The top number here, though, is "South American Getaway." With its beautifully layered choral harmonies, briskly swinging waltz rhythm, and hauntingly beautiful solo vocal (another Morricone touch), it, in fact, stands as one of Bacahrach's best. These instrumental tracks offer a nice contrast to Bacharach's more well-known pop vocal hits of the '60s and make Butch Cassidy and the Sundance Kid a must for both the casual and dedicated fan. And to make this soundtrack even more of a worthwhile purchase, it hopefully will be re-released as part of disc with another of Bacharach's late-'60s soundtracks like Casino Royale.
Words - Stephen Cook
The title Something Big: The Complete A&M Years...And More (2004) pretty well sums up the embarrassment of riches contained within this compendium. Even while working -- usually with then-partner Hal David (lyrics) -- to create hits for other artists, Burt Bacharach (piano/vocals/arranger) was well on his way to becoming arguably the most gifted and successful pop music composer/arranger of the latter 20th century. Likewise -- as the 109 selections on these five discs certainly bear out -- Bacharach also invested a significant part of his profession actively recording and touring as a solo act. Although there have been a multitude of woefully incomplete anthologies issued on CD, for the first time in the digital domain, the essential Bacharach long-players: Hit Maker! (1965), Reach Out (1967), Make It Easy on Yourself (1969), Butch Cassidy & the Sundance Kid (1969), the self-titled Burt Bacharach (1971), Living Together (1973), the rarely heard In Concert (1974), Futures (1977), and Woman (1979) are available.
And the icing on the entire affair is the host of previously unreleased gems from deep within the A&M Records vaults, as well as from Bacharach's own archive. It is fascinating to hear the treatments given to "Are You There (With Another Girl)," "What the World Needs Now Is Love," "The Look of Love," "A House Is Not a Home," "I Say a Little Prayer," "Message to Michael," "Promises, Promises," "I'll Never Fall in Love Again," "Make It Easy on Yourself," "Do You Know the Way to San Jose," "This Guy's in Love with You," "(They Long to Be) Close to You," "Wives and Lovers" and "One Less Bell to Answer" (just to name a few) as interpreted by their creator. Perhaps as a testament to the completeness of the compositions themselves, Bacharach's orchestrations are often as full of subtle textures as the more familiar hit versions. For the most compelling evidence of that phenomenon, listeners should treat themselves to the 15 tracks originally featured on the U.K. import Burt Bacharach in Concert (1974).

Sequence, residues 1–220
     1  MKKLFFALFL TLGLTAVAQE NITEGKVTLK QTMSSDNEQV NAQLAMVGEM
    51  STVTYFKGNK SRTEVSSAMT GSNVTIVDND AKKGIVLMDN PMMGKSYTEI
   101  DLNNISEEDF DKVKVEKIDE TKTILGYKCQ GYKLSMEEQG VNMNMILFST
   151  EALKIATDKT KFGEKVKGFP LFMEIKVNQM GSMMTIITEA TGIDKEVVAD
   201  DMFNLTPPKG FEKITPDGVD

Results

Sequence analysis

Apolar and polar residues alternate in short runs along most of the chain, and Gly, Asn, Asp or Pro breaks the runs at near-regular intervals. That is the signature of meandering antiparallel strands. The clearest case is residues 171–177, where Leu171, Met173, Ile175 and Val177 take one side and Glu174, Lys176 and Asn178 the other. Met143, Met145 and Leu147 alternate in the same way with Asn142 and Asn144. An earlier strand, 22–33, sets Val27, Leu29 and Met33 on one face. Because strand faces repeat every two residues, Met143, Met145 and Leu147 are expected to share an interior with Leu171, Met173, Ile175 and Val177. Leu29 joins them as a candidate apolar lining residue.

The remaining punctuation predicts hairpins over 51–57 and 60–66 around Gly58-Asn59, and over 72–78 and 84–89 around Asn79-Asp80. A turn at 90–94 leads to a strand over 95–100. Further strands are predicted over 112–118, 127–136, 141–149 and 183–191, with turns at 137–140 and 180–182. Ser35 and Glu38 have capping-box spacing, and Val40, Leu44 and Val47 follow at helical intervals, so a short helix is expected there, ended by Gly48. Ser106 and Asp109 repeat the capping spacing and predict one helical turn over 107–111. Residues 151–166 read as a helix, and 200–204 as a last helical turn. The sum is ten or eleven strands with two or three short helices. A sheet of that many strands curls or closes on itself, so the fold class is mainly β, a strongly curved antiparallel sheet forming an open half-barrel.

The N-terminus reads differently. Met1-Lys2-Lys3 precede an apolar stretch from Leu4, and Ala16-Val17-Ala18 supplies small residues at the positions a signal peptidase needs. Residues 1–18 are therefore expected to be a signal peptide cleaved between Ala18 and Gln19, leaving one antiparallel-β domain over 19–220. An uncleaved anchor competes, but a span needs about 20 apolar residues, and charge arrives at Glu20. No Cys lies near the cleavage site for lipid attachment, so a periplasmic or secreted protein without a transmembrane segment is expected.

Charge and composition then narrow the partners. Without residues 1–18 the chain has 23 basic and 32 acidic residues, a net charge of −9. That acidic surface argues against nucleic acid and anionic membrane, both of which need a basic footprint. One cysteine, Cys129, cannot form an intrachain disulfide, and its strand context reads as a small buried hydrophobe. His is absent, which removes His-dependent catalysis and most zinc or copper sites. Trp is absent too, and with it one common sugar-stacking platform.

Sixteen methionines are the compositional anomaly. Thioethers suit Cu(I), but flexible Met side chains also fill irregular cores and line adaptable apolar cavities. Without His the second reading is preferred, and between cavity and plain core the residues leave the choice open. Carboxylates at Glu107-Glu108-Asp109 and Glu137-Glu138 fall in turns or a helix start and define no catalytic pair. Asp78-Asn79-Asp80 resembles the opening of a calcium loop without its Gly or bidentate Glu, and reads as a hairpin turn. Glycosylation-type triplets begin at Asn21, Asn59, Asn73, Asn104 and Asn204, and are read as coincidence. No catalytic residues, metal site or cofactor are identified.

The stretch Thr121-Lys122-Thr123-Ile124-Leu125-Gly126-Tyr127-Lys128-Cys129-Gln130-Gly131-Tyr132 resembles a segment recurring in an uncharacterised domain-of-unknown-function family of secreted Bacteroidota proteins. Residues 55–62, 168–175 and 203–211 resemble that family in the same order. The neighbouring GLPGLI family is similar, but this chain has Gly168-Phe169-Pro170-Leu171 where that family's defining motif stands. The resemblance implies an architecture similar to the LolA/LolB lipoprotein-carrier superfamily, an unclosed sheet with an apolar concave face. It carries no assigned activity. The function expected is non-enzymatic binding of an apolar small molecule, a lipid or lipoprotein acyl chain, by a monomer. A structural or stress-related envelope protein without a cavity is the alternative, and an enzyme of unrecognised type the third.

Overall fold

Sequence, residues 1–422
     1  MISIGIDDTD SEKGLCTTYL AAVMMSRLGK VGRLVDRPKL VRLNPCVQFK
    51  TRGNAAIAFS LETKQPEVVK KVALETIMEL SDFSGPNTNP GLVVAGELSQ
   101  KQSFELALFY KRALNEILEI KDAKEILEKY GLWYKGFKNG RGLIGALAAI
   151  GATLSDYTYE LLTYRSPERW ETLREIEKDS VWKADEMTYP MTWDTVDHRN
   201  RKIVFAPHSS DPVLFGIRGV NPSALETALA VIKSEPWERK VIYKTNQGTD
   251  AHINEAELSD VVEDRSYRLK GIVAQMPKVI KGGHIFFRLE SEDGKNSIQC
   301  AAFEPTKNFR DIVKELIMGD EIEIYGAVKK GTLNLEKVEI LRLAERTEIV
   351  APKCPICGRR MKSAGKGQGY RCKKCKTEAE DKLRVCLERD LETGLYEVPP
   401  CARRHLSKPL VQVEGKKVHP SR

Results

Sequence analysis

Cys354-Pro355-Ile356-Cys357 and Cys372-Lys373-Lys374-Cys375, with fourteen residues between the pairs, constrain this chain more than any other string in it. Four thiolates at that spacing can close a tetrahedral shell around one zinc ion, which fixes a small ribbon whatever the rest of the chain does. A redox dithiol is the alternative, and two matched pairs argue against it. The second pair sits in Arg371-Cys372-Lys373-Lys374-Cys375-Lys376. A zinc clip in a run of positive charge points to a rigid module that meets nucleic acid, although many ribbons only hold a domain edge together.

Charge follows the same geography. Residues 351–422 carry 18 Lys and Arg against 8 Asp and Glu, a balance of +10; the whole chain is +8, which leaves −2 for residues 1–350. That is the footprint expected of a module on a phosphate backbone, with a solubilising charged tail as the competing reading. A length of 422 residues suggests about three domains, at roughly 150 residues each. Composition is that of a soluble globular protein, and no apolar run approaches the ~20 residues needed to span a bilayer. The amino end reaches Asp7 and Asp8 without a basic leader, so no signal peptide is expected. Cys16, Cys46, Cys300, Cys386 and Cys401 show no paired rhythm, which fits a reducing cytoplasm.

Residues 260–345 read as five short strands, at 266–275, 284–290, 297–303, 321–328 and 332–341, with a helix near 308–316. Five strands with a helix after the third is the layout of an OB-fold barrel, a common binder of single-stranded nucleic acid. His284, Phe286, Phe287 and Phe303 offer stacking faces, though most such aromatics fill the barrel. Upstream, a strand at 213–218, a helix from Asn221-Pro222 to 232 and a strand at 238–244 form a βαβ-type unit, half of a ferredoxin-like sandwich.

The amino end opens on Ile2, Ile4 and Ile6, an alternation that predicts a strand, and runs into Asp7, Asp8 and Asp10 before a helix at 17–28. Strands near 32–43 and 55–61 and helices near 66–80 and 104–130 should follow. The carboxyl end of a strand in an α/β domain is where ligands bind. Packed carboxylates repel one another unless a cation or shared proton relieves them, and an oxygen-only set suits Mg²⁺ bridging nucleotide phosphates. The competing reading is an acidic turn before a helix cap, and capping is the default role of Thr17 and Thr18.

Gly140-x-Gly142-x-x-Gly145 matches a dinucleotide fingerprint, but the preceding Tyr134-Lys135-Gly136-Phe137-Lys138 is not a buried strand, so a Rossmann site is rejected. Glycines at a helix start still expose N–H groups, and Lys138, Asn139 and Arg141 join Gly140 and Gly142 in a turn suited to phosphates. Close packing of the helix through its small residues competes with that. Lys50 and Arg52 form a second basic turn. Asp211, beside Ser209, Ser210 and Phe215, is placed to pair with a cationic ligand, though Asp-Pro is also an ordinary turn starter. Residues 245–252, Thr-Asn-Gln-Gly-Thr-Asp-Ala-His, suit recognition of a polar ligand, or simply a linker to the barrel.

The coupling of "Alfie," with "Do You Know the Way to San Jose," as well as the medley of "Don't Make Me Over," "Anyone Who Had a Heart," "What's New Pussycat," "Wives and Lovers, and "24 Hours from Tulsa" are, as the saying goes, worth the price of admission alone. The fifth and final disc -- subtitled "Essentials" -- is of equal significance as it contains a few one-off curios -- all of which were at the very least produced by Bacharach. Of primary interest are the never-before-issued alternate mono mix of "Saturday Sunshine" circa the aforementioned Hit Maker!: Burt Bacharach Plays His Hits (1965), a Joel Grey-sung "What's New Pussycat," "My Little Red Book (All I Do Is Talk About You)," with Tony Middleton (vocals), "After the Fox," and "The Fox Trot" both credited to Burt Bacharach & His Orchestra. Plus, "Nikki," and "Juanita's Place" by the Burt Bacharach Orchestra & Chorus. The set concludes with three soundtrack sides from the 1980s, "Arthur's Theme (Best That You Can Do)," "That's What Friends Are For," -- which was in the film Night Shift (1982) before becoming an international hit for the supergroup of Elton John, Dionne Warwick, Stevie Wonder, and Gladys Knight -- and the "Love Theme from Arthur" from Arthur 2: On The Rocks (1988). The entire affair is bound in a hardbound cloth casing and inside are 42 pages of notes including tributes from Richard Carpenter and producer Phil Ramone. Collectors take note as Something Big is limited to an edition of only 5,000.